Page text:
Towards a 21st Century Vision: Consumers as makers and shapers in healthcare

Australia’s healthcare system needs to be more transparent and accessible to put consumers at the centre of health decision making, according to a new report.

A roundtable of over 35 health experts hosted by The George Institute for Global Health and the Consumers Health Forum of Australia (CHF) has called for a range of changes, including the development of a National Vision for Australia’s Health 2025 to set out the principles of consumer-centred health care.

“Australians should be taking a more decisive and active role in their own healthcare and to achieve this we need to innovate in the health system, and provide consumers with the tools to make that happen. Consumers must be the makers and shapers of the health system rather than just the users and choosers,” CHF’s CEO, Leanne Wells, said.

The George Institute’s Executive Director Vlado Perkovic added “By empowering consumers to live healthy lives and take an active role in health care decisions, we will have a more responsive and cost effective health system. We need to transform the financial drivers in health care from the current rewards for treatment of illness to incentives for restoring or ensuring wellness.”

The George Institute and CHF have issued a joint report: Putting the consumer first: Creating a consumer-centred health system for a 21st Century Australia (PDF 315KB) with eight key recommendations from the roundtable. It includes calls for a range of health data and statistics to be made more widely and publically available to allow consumers to make a choice.

Ms Wells added: “Consumers should be able to identify the costs and outcomes of health practitioners’ services, such as surgeons’ performance and costs. It is now technically possible for consumers to view a range of vital statistics to inform them about cost and performance of hospitals and surgeons for given procedures, and to learn about procedures which are worthwhile and those which are not, but it happens too rarely.”

The report also recommends incentives and reimbursements for health practitioners that foster improved outcomes for patients and the community. Health care providers would be held to account for the health care outcomes of the population they serve and consumers could be funded to purchase packages of care.

Professor Perkovic said: “We believe it’s time to fundamentally change the way we view people who use our health care system. Almost thirty per cent of people don’t feel listened to by their GP, and almost a quarter are unhappy with waiting times to see specialists. But currently our health care system is designed to suit the health care providers rather than those who actually use it.”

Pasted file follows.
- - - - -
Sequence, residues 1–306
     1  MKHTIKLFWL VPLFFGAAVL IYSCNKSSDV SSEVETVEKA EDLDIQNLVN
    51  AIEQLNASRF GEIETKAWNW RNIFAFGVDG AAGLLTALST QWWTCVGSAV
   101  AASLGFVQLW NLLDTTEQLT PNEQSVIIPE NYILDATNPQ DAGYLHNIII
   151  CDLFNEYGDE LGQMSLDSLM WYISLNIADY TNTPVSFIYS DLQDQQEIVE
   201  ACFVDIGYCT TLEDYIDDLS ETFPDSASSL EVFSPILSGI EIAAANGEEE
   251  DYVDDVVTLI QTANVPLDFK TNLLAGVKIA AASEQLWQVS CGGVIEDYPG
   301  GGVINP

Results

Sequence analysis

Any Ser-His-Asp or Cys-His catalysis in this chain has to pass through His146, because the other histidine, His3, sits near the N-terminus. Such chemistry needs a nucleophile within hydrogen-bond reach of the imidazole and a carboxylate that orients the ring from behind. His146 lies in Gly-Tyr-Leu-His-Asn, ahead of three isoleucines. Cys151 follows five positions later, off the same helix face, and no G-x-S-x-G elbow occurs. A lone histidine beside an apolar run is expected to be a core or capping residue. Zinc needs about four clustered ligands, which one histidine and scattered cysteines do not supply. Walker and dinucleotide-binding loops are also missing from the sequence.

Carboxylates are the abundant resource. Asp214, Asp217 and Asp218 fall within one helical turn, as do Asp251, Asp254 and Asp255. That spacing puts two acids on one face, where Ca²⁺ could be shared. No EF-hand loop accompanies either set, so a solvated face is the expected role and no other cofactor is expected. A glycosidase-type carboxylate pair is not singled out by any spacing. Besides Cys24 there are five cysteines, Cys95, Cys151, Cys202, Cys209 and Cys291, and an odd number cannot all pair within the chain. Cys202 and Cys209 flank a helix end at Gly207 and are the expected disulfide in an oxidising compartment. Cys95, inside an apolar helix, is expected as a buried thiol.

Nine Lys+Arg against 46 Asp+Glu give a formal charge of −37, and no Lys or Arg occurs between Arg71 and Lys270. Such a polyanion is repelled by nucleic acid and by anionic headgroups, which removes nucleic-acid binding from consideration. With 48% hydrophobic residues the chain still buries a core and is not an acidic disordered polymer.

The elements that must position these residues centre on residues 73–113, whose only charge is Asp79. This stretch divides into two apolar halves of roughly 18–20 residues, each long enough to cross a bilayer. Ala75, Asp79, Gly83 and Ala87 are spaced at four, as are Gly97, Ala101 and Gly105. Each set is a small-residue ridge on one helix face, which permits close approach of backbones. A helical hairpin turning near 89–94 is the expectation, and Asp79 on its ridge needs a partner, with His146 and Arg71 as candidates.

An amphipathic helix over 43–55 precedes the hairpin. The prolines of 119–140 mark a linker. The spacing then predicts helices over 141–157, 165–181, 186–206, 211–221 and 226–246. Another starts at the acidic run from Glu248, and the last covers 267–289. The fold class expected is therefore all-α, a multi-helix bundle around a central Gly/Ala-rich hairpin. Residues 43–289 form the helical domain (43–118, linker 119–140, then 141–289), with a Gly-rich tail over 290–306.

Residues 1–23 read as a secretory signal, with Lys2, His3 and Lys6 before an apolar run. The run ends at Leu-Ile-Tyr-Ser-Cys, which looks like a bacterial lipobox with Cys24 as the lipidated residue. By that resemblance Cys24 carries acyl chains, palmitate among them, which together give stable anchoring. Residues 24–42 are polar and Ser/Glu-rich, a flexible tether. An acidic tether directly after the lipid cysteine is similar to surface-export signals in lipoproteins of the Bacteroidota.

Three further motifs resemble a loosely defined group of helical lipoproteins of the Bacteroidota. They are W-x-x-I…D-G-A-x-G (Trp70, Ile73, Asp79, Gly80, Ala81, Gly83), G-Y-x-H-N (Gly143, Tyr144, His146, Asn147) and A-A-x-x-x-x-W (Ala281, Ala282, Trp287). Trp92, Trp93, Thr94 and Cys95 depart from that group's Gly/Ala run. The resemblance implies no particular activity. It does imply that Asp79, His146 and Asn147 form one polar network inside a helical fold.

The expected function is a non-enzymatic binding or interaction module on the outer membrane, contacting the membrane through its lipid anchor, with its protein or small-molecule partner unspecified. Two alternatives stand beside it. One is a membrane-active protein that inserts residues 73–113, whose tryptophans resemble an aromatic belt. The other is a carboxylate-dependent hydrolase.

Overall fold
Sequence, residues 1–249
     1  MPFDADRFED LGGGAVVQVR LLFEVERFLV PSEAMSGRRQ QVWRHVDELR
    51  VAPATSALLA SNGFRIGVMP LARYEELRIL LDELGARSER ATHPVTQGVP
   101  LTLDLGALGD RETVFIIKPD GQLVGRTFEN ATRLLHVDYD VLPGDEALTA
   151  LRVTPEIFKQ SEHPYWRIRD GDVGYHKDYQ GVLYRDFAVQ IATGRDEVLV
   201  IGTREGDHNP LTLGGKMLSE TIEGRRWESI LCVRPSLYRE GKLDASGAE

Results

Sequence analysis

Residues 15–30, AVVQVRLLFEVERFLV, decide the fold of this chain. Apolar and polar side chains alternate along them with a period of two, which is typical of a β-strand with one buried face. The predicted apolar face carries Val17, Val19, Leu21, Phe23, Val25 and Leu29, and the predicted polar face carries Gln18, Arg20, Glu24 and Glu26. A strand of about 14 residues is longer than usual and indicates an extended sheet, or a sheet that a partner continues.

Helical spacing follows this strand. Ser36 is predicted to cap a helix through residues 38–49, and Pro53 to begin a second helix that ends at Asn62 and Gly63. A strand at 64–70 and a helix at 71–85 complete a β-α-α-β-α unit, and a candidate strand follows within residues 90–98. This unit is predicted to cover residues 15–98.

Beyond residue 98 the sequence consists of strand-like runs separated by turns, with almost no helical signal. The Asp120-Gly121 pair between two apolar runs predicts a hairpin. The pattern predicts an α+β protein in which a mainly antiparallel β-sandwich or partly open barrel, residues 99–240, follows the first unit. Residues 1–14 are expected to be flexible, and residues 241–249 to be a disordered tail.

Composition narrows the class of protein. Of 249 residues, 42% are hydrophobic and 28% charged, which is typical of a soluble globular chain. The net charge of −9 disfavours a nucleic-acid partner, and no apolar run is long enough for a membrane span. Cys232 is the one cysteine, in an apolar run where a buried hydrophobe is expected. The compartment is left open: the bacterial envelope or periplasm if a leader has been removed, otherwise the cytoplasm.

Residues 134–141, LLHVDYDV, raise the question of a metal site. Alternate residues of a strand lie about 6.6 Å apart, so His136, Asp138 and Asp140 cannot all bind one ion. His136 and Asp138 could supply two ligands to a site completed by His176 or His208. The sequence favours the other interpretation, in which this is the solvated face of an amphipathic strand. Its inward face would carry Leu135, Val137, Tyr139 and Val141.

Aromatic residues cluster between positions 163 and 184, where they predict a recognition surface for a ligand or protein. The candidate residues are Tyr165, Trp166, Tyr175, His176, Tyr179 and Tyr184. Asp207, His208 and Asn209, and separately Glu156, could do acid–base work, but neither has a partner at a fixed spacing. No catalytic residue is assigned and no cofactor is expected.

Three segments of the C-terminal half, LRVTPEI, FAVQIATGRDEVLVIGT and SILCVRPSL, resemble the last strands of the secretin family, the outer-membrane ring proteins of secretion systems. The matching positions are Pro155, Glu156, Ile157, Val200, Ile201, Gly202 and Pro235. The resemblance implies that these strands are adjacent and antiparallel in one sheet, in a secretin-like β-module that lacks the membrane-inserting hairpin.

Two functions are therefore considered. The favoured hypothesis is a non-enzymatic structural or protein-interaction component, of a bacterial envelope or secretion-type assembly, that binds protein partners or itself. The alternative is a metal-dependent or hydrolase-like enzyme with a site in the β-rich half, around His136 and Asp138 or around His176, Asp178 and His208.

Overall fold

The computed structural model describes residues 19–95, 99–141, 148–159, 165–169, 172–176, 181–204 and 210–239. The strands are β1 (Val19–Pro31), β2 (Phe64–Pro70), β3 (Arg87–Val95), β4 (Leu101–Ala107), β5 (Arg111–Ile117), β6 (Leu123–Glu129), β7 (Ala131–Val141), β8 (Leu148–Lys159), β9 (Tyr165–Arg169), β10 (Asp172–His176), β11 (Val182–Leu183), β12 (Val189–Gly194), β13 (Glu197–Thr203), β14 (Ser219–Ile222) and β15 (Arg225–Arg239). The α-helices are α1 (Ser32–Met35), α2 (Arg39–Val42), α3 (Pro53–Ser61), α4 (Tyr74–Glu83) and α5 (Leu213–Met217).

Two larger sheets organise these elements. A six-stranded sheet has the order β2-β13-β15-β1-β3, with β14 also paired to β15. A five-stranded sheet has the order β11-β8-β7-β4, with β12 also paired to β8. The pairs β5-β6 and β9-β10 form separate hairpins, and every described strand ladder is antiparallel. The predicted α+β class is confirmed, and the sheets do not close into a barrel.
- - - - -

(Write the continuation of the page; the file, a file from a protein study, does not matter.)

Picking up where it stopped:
Electronic health and harnessing digital technology will also be key in transforming Australia’s health care system with the roll-out of electronic health records to be championed by The Australian Digital Health Agency.

Ms Wells said: “The health system still lags behind when it comes to innovation, in particular in eHealth. But the growth in consumerism and the tsunami of digital apps which enable personal health monitoring are all leading one way – to greater individual influence in health choices, both in lifestyle and clinical care.”

The report has eight key recommendations:

  • To develop a National Vision for Australia’s Health 2025 through COAG that describes and commits to set the principles of consumer-centred health care underpinned by regional plans for health system improvement and innovation developed by Primary Health Networks and Local Hospital Districts/Networks in collaboration with public and private providers and the community.
  • Involve consumers in the governance of all levels of healthcare and research.
  • Invest in empowering consumers to become more involved in healthcare design and delivery, and self-management of their health.
  • Make consumer-centred professional practice a core healthcare professional competency in healthcare education top grow skills in working with patients and as part of multidisciplinary teams.
  • Ensure that consumer experience drives the health system by routinely measuring patient experiences and outcomes, and making this information publically available to allow informed decision-making.
  • Enable innovation in healthcare while ensuring new approaches are evidence- based, developed collaboratively and fit-for-purpose.
  • Adjust drivers to create the right policy, infrastructure and incentives for change and to support consumer-centred care.
  • Develop a change management strategy to facilitate the implementation of a consumer-centred health system.

Download the Putting the consumer first: Creating a consumer-centred health system for a 21st Century Australia report (PDF 315KB)